Monarch therefore allows aggregating data during ingestion.

Scalable Queries

Monarch provides a querying language quite similar to SQL to retrieve metrics data.

{ fetch ComputeTask::/rpc/server/latency
  | filter user=="monarch"
  | align delta(1h)
; fetch ComputeTask::/build/label
  | filter user=="monarch" && job=~"mixer.*"
} | join
  | group_by [label], aggregate(latency)

There are two kinds of queries that exist in Monarch.

  • Ad Hoc queries are the ones made by users.
  • Standing queries are periodic materialized-view queries which are stored back into monarch.

Standing queries can be used to condense data for faster subsequent querying, or for alerting.

All queries are received by the root mixer (see figure 1), which sends it to the appropriate zone mixers, each of which sends it to the appropriate leaves.

The root mixer does level analysis, to send only the parts of the query that need to be executed by the lower level. The root also performs security and access-control checks, as well as possible rewriting of the query for static optimization.
Within the leaf, each query runs in its own thread, which are monitored and can be killed if they use too many resources.

Static analysis of the query allows pushing the query to be executed as close to the data source as possible.
For example, if the query is detected to retrieve only data from a single zone, the query will be pushed to that level.

When sending a query to children, Monarch uses Field Hints Index to skip irrelevant ones.
A Field Hint is an excerpt of a field value, used to detect whether a zone contains data about that value.
Each zone index server build an index of trigrams from their field values at boot time (which takes a few minutes), and stores it in memory.
A long-lived RPC connection is then kept with the parent index server so the field hints index can be sent upstream.
When considering sending a query downstream, an index server can therefore start by looking into that field hints index to check whether the zone index is likely to have that data or not.

Similarly to data ingestion, it is very important for queries to be fast, and to handle failures gracefully.

Therefore, if a zone becomes unresponsive, or too slow, it is pruned from the global system, and query responses are notified.
This allows returning queries rapidly, amid possibly missing some data.

Similarly, if a primary leaf receives queries to be processed. However, if it becomes unresponsive or slow, the query is replicated to fallback leaves, and the response is de-duplicated from the fastest of both queries.

Configuration Management

All configurations are stored in the global area, and duplicated within zones to be reliably available.

Several types of configurations are available to users:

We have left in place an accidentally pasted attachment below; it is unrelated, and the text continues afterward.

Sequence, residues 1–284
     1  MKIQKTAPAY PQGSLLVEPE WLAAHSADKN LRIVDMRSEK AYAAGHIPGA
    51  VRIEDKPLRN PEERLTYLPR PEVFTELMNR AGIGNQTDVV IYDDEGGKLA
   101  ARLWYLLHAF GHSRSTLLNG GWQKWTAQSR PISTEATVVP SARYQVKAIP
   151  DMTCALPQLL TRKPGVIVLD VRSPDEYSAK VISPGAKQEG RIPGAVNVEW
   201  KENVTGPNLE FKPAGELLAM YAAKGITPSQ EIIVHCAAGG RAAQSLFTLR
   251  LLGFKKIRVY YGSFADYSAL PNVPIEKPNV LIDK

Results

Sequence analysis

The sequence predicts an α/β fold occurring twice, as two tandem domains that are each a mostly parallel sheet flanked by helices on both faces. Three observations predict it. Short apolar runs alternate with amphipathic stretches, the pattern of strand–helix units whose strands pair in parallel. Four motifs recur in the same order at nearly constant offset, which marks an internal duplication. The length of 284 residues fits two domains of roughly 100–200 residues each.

• Schemas - While there are common target and metrics schemas used for most of the data, advanced users can define their own, and set access control.
  • Collection, aggregation and retention - Users can configure how frequently their data will be sampled, how long it will be retained and the storage medium.
  • Standing queries - Users can configure standing queries which are executed regularly and for which the results are stored within Monarch, for alerting for example.


Monarch has 3 internal environments: Internal, external and meta.

Internal and external are for customers, either inside or outside of Google.
Meta runs on a stable, older version of Monarch, and monitors the other environments.

The evaluation in the paper relies on data from the internal environment.

As of July 2019, Monarch stored nearly 950 billion time series, using around 750 TB of memory. During that same month, the internal environment ingested 2.2 TB of data.

In July 2019, around 6M query were executed each second.
95% of the executed queries are standing ones.

Lessons Learned

Monarch allowed Google to learn a few key lessons:

  • Lexicographic sharding of time series keys improves ingestion and query scalability, enabling zones to scale to tens of thousands of leaves.
  • Push-based data collection improves robustness while simplifying system architecture.
  • A schematized data model improves robustness and enhances performance.
  • System scaling is a continuous process.
  • Running monarch as a multi-tenant service is convenient for users, but challenging for developers.


The main takeaway I am getting from this paper is how pull-based proved not to work at Google, which I find quite interesting in comparison with the success of Prometheus and pull-based metrics.

The highly distributed design of Monarch is also extremely valuable, especially in keeping all the data in memory, and storing it for long-term recovery as something secondary. That definitely makes a lot of sense for a monitoring system, where the data is interesting for a very short period of time.